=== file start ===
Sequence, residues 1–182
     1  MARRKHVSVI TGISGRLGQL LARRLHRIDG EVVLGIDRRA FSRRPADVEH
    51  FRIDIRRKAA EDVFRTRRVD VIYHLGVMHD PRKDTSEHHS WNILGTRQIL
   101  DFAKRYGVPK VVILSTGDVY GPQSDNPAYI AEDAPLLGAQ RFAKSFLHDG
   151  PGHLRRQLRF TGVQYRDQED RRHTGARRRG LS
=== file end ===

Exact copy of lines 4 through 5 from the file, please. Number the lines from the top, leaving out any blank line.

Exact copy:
   101  DFAKRYGVPK VVILSTGDVY GPQSDNPAYI AEDAPLLGAQ RFAKSFLHDG
   151  PGHLRRQLRF TGVQYRDQED RRHTGARRRG LS